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Puma in General Court: of cats and copycats

In Case T-692/14, the General Court annulled the decision of the Board of Appeal which had dismissed the following opposition:

Contested CTM- Sinda Poland Corporation sp. z o.o.

Earlier rights - Puma SE

Image not found

Earlier IRs No. 593987 Image not found

and No. 480105

Image not found

valid in among others, Benelux, Bulgaria, Czech Republic, Spain, France, Italy, Hungary, Austria, Poland, Portugal, Romania, Slovenia and Slovakia

Class 25- shoes, sports shoes

Classes 1 to 42

Classes 18, 25 and 28


OHIM had rejected the opposition on the following grounds: the earlier marks are made ​​up of an animal that can be considered as a wild cat or puma leaping to the left whereas the contested mark seemed to be composed of two or more animals together in one, and even if it is impossible to distinguish a specific animal, parts of the body of the creature represented resembled parts of different animals. 

Visually, the Board of Appeal considered that the signs  did not coincide at all. Conceptually, the the signs would not be perceived as referring to the same concept. Phonetically, the figurative marks could not be pronounced and, at most, their visual and conceptual content can be described orally and that such a description necessarily coincide with either the visual perception or the conceptual perception. Given the different impressions produced by the marks at issue on the visual and conceptual, they would be described differently. To the extent that Article 8 (1) b) of CTMR presupposes as an indispensable condition that the signs are identical or similar, the BoA held that the fact that the signs were different overall can not be offset by a highly distinctive character or the repute of the earlier marks or by the alleged identity of the products.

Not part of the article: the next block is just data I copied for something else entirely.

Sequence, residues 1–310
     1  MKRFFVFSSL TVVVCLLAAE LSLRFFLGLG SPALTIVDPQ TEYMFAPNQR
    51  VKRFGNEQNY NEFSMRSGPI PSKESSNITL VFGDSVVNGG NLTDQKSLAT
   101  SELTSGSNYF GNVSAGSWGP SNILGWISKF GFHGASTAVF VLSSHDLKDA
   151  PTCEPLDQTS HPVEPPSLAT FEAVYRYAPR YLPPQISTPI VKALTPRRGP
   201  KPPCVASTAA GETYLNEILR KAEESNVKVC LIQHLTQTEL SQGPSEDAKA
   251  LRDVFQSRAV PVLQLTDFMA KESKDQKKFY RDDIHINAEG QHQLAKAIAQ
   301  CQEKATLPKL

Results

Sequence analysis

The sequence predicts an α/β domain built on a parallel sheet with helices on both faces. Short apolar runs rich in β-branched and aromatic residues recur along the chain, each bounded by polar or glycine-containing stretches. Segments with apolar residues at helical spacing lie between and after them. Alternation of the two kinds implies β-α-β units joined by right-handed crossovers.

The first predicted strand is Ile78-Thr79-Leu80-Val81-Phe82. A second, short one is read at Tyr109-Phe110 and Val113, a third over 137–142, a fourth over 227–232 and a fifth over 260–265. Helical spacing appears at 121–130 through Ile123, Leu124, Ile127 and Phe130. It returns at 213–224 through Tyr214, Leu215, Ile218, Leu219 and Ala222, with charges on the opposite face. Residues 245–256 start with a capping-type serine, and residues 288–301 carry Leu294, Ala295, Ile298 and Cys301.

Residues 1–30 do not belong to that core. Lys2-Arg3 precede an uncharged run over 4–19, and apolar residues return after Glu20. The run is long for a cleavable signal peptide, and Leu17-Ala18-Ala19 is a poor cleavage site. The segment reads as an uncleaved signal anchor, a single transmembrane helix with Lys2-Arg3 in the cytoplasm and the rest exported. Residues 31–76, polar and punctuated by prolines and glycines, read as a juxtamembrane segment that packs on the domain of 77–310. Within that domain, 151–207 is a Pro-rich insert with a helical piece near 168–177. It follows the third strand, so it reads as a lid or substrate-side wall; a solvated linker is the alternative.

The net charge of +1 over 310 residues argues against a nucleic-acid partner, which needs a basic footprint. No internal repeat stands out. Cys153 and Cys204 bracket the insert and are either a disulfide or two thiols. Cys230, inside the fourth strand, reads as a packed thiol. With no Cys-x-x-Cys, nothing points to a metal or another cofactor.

Firstly, the BOA erred in finding that the average consumer was likely to be more attentive because it is well-established case-law that for consumer goods, the level of attention of the consumer will be average.

Second, the BoA erred in its assessment of the visual comparison. The Court found that the mark applied for and the earlier mark registered under number 480105 are both black silhouettes of animals in similar jumping positions with their feet on the ground, the front legs bent under the jaws and tails of animals forming similar angles to the trunks. The curves of the back and belly of the two animals depicted are not identical but have undeniable similarities.

The Board of Appeal thus failed in its visual comparison, to weigh the similarities elements and the difference between those marks, and therefore did not base its analysis on the overall impression produced by those signs, in violation of the well-established case- law (see judgment of 12 June 2007, OHIM / Shaker C-334/05 P) and the imperfect recollection of the consumer (judgment of 22 June 1999, Lloyd Schuhfabrik Meyer, C -342 / 97,)

 Therefore, the Board of Appeal wrongly stated that the signs in question coincided in nothing" to the extent that it did not take into account all the relevant factors in its comparison and failed to identify the similarities between the signs.

Posted by: Laetitia Lagarde @ 15.23
Tags: General Court, puma, cats,,
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MARQUES does not guarantee the accuracy of the information in this blog. The views are those of the individual contributors and do not necessarily reflect those of MARQUES. Seek professional advice before action on any information included here.

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